A: Harvard is following CDC and WHO guidelines on all screening and response protocols. These evidence-based protocols are the national and international standard.

While screening protocols based on these guidelines are in place at airports across the world to identify those who are ill and prevent them from traveling, guidelines from the CDC and WHO do not include screening the general public, or restricting travel within the United States. 

All Harvard affiliates that have arrived or returned to campus from any CDC Level 3 location please complete this health form so that Harvard University Health Services (HUHS) can provide you with assistance and advice if necessary.

If the CDC and WHO issue new guidelines related to coronavirus, HUHS will adjust clinical protocols accordingly. 

A: Symptoms may include fever, cough, and difficulty breathing. If you have these symptoms and traveled to any CDC Level 3 location, please complete this health form. In addition, if you have had close contact with someone showing these symptoms who recently traveled to CDC Level 3 location, it is important to seek advice from a health care provider. 

Anyone with flu-like symptoms should call HUHS at 617-495-5711 (24/7) for advice. Please let us know if you recently traveled. We will help you determine whether to get assessment or treatment. Other Harvard community members who do not receive their care at HUHS should contact their Primary Care Provider.

A: If someone you know has flu-like symptoms, you can encourage them to consult with HUHS by calling 617-495-5711 (24/7).

We also advise taking many of the same precautions recommended when protecting oneself against the flu. 

 A: Masks are only recommended for those with symptoms (fever, cough, shortness of breath, runny nose), to reduce the spread to others. The evidence regarding using masks for prevention is mixed. The CDC and leading public health authorities are not currently recommending masks for prevention of this virus. We understand that many individuals are concerned about exposures outside of HUHS. Again, the best prevention that we know of is good personal hygiene habits

Many of us may see individuals moving about campus with face masks. While HUHS is currently not recommending widespread use of masks for asymptomatic people outside the clinical setting, we should remember that it is a social norm in many countries to wear a face mask during cold and flu season, and in situations where air quality is of concern. Please know that the wearing of a mask by any member of the community is not a signal of infectiousness nor an invitation for stigmatization. We strongly encourage everyone in the Harvard community to help to reinforce this sentiment.

  • Make your attendees aware of simple measures that will help to lower risk and prevent spread of any virus
  • Provide easy access to handwashing facilities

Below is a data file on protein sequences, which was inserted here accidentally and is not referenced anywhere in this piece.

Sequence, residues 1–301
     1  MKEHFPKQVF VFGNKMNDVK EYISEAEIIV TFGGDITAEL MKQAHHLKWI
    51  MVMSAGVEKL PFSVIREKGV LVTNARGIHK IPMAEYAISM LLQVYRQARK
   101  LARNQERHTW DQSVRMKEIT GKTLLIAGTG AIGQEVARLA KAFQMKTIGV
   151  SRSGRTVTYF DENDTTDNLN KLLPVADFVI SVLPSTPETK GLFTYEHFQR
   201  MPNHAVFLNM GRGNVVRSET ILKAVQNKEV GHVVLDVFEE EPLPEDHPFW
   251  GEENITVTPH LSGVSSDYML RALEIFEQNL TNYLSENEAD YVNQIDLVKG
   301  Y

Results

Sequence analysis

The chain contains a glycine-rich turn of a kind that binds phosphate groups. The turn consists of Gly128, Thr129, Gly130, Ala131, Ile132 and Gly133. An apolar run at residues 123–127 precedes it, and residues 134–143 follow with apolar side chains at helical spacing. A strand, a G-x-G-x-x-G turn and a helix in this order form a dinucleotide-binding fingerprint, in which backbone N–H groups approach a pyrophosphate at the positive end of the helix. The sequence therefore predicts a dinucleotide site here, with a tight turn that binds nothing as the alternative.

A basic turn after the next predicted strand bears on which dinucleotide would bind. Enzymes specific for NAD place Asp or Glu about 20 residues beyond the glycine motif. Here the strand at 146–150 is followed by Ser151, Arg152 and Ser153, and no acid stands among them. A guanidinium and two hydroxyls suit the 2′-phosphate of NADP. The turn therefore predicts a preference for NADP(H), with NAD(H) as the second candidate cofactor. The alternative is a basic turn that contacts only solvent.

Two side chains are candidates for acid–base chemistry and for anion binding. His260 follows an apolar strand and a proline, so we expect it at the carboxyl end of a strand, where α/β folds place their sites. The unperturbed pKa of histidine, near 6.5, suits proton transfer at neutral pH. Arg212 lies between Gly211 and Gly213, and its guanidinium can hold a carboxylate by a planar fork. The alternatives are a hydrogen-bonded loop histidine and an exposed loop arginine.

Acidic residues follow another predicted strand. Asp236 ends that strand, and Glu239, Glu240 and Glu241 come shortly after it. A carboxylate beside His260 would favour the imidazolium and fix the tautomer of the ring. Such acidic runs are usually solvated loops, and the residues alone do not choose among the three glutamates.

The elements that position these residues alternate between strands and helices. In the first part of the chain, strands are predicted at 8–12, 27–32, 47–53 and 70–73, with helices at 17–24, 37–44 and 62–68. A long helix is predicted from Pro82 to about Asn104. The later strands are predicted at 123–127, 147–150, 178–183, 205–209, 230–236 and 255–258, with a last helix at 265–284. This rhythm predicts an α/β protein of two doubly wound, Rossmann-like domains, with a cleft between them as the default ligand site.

• Ensure alcohol-based sanitizers are readily available to all participants

Alongside these prevention measures, remind attendees of the symptoms of coronavirus, which include cough, fever and difficulty breathing, and a travel history to any CDC Level 3 location. 

Should anyone have symptoms, we strongly recommend they seek medical advice. While your conference participants are unlikely to have access to our services here at HUHS (if they are not a formal member of the Harvard community with a Harvard ID) they can still call us at 617-495-5711 for advice whether to pursue medical care related to the coronavirus. If we do receive a call from somebody with symptoms and a recent travel history to a CDC Level 3 location, we will suggest that they seek sevices and will help them navigate where to go. 

A: At this time, diagnostic testing for COVID-19 can be conducted only through the Massachusetts Department of Public Health and the CDC. At this time, HUHS is not providing testing, independent of these agencies. Your healthcare provider will work with these agencies to gather laboratory specimens that will be sent for possible testing.

A: Because of poor survivability of these coronaviruses on surfaces, there is likely very low risk of spread from products or packaging that are shipped over a period of days or weeks at ambient temperatures. Coronaviruses are generally thought to be spread most often by respiratory droplets. 

If you've read through the Q&A above and you still have questions, please be sure to contact us at healthservices@huhs.harvard.edu.  

Visit https://www.harvard.edu/coronavirus for more information about COVID-19 at Harvard. The site is regularly updated and serves as a centralized location for information, guidance, and resources on coronavirus for the Harvard community.

Visit https://www.harvard.edu/coronavirus/communication-resources to acess communication resources. Harvard encourages the use and distribution of these communication resources, including fact sheets and posters